Summer is here and, with it, I again have the privilege of teaching a grad class with the (mouthful of) a title “Digital Citizenship, Intellectual Property, and Internet Legal Issues” AKA “Nousion” because…shorter titles FTW. It’s a small class (12-weeks, a half-dozen students) about big ideas. Any one of the clauses in the title could be a semester-long class, a PhD dissertation, or a book!

But we start with digital citizenship because, as problematic as the concept is, I think it works to have everything else in the course be part, or a function of, it. And the questions there are perennial:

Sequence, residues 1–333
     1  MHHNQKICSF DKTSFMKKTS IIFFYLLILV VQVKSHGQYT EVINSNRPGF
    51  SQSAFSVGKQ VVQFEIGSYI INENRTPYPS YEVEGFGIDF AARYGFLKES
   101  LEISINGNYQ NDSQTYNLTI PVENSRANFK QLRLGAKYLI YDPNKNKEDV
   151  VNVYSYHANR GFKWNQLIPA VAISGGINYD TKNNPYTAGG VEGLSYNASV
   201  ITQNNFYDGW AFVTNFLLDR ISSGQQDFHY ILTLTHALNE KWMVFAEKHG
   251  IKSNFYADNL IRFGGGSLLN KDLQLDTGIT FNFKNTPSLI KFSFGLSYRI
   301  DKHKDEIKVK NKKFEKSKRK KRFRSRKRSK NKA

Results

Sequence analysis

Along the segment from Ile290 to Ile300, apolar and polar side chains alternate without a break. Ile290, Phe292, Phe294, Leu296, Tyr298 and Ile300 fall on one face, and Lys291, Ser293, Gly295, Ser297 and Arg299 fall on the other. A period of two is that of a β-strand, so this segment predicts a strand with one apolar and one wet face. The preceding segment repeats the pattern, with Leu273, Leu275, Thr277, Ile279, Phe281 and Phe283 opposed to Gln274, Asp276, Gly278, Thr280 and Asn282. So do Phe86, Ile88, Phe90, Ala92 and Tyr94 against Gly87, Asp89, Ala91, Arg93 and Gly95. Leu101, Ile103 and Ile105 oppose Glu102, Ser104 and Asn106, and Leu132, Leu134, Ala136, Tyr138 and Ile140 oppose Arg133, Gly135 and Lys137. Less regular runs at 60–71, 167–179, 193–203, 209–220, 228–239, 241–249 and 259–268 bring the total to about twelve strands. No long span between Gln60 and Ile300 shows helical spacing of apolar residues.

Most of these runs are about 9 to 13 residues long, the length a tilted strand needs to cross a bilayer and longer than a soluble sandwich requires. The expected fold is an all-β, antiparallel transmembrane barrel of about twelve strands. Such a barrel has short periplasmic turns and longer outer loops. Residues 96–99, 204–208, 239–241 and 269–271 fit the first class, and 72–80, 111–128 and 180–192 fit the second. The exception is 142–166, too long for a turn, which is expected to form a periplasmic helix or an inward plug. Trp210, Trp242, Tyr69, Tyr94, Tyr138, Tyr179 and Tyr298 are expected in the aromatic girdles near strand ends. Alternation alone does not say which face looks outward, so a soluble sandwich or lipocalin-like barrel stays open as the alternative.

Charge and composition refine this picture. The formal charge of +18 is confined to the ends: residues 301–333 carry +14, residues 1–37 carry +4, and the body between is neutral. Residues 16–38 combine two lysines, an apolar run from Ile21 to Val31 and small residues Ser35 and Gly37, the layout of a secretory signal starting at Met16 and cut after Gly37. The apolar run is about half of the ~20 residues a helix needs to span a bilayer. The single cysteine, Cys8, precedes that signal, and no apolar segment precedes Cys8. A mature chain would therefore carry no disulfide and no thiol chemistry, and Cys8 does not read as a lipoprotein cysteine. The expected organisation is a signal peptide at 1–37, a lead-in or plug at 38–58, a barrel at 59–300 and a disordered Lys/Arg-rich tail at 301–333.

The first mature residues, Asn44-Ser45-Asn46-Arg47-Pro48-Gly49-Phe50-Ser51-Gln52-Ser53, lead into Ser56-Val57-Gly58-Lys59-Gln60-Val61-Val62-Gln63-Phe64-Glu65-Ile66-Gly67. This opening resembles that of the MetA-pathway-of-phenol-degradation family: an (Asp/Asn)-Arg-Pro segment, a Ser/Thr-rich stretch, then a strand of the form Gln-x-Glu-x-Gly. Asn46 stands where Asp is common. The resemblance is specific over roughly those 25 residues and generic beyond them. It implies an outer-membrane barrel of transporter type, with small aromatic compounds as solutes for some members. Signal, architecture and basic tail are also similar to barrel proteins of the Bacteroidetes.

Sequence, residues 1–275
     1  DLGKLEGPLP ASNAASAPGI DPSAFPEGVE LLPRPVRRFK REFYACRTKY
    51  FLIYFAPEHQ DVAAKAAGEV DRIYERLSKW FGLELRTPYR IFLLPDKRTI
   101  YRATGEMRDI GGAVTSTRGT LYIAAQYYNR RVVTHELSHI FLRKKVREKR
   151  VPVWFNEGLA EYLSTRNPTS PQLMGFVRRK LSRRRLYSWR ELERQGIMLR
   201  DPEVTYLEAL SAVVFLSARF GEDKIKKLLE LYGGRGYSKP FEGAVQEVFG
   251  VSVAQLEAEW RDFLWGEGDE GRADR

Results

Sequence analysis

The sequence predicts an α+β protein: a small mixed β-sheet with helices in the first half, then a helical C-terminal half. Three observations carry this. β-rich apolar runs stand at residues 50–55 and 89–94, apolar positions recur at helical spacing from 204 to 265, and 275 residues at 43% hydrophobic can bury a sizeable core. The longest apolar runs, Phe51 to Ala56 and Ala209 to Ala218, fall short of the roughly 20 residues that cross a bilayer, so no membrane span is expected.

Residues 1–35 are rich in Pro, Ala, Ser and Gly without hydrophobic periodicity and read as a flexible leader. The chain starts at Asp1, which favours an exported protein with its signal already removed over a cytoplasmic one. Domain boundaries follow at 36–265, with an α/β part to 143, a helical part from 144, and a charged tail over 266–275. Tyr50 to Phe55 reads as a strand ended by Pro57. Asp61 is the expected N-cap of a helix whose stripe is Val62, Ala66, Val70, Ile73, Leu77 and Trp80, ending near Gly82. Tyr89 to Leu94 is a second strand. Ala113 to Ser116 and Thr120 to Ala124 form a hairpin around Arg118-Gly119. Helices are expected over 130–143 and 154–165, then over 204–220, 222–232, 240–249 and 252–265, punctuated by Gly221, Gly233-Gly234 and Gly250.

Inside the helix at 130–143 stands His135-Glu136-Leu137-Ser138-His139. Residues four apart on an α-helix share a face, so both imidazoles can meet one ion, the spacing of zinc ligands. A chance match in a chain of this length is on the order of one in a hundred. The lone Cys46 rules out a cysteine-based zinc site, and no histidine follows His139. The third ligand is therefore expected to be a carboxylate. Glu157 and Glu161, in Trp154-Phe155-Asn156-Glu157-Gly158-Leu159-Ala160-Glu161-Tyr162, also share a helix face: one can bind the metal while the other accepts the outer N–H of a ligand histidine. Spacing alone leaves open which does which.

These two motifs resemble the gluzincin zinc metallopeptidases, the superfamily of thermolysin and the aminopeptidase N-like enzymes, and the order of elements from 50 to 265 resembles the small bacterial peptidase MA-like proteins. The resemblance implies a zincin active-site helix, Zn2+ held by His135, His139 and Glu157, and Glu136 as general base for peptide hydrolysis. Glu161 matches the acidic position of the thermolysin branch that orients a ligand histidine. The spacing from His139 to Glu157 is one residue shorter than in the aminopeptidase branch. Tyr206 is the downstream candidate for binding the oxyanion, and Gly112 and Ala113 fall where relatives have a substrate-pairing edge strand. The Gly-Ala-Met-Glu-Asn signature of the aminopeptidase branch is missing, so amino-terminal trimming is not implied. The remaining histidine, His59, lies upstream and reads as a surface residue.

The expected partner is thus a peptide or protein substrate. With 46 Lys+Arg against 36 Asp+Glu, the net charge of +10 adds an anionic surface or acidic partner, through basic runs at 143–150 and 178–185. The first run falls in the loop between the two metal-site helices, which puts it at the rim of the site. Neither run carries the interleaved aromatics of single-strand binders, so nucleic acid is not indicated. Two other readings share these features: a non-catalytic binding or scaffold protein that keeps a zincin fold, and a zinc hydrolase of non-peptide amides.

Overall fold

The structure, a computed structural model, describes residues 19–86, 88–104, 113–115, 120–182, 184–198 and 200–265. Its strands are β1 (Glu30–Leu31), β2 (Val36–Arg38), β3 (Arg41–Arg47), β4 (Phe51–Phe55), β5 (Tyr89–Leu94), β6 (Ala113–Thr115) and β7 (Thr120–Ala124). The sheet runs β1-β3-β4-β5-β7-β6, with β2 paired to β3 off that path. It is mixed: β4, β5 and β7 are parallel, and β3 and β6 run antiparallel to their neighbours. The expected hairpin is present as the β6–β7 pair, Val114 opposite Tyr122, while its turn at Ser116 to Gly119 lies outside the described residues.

• What does the word “digital” mean and do here?
  • What is citizenship?
  • How do we live and work online, individually and together?
  • Where does digital literacy fit?
  • What about identity?
  • What about privacy?
  • Whose data?

You get the idea. I love exploring this topic every summer with a cohort of engaged students even if by the end of each term the most important lesson I’ve learned is just how much more I don’t know and if the only answers to those questions are more questions.